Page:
I got a Facebook message about a month ago from one of the landowners who took one of our pipeline signs — my students and I did a collaborative project where we installed signs along Enbridge Line 5 to raise awareness about the pipeline existing, and also the risk inherent having 540,000 barrels of oil a day going through the ground underneath you — where she took a picture [and said], “I put the sign up on my property, you can see it from the road.” She seemed really energized about it, and then she was telling me about the other activist organizing that was happening around the pipeline — not as a result of the work we did necessarily, but in addition and as part of that larger social movement in the town around the pipeline. They organized a game of lacrosse over the top of the pipeline. It was a way of taking this colonial space and making it at least temporarily a more indigenous space, since lacrosse is a native sport. Seeing stuff like that, where there’s overlap with other organizing, or there’s non-art people who are invested in the work — I think that that feels more meaningful to me. I mean, obviously it’s nice when curators and other art professionals are interested in my work, but it’s nice when people feel moved to reach out and talk with me about the work.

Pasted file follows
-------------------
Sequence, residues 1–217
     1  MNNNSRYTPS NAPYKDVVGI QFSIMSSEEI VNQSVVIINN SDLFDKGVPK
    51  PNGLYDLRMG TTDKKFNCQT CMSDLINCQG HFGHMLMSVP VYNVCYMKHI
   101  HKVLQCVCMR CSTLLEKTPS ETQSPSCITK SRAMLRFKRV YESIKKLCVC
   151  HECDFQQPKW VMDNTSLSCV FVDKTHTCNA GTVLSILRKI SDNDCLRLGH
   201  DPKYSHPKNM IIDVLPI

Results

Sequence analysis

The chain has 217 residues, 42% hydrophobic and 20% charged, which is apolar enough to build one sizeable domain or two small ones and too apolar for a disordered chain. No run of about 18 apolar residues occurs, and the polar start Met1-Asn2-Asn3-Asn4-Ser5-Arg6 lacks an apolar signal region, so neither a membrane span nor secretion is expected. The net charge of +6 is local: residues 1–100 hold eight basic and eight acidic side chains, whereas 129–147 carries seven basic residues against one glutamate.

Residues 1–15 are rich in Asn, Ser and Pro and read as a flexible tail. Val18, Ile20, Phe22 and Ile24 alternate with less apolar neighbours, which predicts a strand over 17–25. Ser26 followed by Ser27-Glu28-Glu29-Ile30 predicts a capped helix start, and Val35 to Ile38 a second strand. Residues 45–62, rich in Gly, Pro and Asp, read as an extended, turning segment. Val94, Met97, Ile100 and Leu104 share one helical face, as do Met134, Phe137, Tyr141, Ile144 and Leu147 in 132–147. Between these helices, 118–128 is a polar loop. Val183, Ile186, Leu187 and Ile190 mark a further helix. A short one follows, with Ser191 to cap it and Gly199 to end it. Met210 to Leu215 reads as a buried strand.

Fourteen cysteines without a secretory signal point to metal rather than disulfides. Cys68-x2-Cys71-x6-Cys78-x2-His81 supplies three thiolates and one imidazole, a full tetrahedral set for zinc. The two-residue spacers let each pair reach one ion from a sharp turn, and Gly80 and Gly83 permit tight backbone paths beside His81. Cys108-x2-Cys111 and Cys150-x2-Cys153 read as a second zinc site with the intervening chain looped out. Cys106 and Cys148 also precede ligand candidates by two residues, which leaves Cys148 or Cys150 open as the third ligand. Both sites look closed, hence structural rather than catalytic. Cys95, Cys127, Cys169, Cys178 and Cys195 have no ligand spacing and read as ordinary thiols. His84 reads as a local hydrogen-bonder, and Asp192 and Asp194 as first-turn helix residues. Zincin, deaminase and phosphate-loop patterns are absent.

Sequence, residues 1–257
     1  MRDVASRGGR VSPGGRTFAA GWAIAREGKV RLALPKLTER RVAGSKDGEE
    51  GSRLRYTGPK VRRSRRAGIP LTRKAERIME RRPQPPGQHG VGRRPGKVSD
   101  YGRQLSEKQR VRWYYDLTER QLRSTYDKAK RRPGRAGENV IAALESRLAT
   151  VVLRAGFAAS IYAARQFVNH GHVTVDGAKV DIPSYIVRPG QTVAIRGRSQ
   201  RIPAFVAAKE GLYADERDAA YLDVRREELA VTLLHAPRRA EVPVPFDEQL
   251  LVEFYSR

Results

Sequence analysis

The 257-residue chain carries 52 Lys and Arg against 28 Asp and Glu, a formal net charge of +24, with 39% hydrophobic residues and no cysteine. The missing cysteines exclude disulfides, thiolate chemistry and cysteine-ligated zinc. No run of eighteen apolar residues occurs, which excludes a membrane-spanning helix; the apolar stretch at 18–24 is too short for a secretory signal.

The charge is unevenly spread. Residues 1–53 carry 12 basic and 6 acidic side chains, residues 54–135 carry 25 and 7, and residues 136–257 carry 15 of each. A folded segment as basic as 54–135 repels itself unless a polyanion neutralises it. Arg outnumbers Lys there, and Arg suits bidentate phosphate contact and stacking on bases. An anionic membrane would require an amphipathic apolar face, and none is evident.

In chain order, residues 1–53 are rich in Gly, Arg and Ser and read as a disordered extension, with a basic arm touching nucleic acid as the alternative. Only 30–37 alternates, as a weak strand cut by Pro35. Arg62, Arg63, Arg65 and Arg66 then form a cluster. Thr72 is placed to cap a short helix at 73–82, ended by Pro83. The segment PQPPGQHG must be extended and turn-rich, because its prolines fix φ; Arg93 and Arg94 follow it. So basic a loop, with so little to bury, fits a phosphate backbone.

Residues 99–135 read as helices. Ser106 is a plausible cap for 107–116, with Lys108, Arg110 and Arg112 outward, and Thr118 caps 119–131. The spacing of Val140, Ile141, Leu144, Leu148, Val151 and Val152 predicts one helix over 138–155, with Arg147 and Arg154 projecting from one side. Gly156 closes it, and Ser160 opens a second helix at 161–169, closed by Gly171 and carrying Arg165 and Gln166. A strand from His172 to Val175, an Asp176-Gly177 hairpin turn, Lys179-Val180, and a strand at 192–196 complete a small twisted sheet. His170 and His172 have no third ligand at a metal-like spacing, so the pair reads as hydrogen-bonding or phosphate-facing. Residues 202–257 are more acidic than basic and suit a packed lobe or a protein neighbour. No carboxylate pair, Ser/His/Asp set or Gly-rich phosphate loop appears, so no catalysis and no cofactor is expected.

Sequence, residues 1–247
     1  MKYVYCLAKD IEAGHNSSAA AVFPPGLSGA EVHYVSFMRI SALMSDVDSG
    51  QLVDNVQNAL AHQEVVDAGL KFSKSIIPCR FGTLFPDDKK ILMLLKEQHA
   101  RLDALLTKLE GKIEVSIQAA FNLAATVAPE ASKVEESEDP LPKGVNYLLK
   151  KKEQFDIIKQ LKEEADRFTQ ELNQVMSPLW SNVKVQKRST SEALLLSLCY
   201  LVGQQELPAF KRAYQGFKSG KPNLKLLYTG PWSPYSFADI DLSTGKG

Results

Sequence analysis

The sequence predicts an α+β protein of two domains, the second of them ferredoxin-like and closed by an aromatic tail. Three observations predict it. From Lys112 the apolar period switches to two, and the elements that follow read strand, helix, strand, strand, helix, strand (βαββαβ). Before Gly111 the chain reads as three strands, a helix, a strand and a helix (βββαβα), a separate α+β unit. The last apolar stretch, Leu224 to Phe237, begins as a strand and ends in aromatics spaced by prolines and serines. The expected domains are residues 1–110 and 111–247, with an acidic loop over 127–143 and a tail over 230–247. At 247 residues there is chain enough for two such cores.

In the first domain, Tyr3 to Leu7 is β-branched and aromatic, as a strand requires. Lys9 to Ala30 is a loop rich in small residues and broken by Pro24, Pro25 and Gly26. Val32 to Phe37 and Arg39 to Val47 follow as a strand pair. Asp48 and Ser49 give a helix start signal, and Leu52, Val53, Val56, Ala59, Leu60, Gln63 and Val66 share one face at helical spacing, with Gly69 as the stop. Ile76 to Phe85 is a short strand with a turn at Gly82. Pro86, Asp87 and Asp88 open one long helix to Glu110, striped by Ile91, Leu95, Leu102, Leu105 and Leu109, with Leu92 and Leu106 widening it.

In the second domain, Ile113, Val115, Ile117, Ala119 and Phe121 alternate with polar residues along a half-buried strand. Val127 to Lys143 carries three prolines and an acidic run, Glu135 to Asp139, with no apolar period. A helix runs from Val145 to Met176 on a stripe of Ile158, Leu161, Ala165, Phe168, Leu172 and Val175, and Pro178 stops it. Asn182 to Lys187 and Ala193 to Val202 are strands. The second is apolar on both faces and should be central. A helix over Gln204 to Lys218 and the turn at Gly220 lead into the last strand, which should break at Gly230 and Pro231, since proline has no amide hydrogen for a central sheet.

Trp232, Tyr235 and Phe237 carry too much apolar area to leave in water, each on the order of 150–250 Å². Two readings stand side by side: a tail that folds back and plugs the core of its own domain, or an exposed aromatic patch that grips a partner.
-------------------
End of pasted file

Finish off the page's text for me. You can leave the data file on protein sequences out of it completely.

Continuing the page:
What’s most exciting to you about the process of creating work?

I primarily do printmaking, so it’s very process-heavy. For me, there’s this moment where you’re pulling the paper off of your matrix — your block or your plate or whatever it is — you’re pulling the paper out and you’re seeing this image that you’ve been laboring over made material on the page. So for me, that moment of pulling the print off the press and seeing this thing made physical — I think that’s a really exciting moment. And there’s lots of different moments of seeing your idea finally come together. Like for the sign project, seeing the signs out in the landscape was really exciting. I think whenever things are finally starting to take physical form, and you can see them working the way you want them to in a space or on a page, that’s a really exciting moment. And that fear gives away to the realization that, “This thing I’m doing is going to work! It’s going to work! I’m going to succeed!” That’s a really great feeling.

What does the interaction between nature and people mean to you?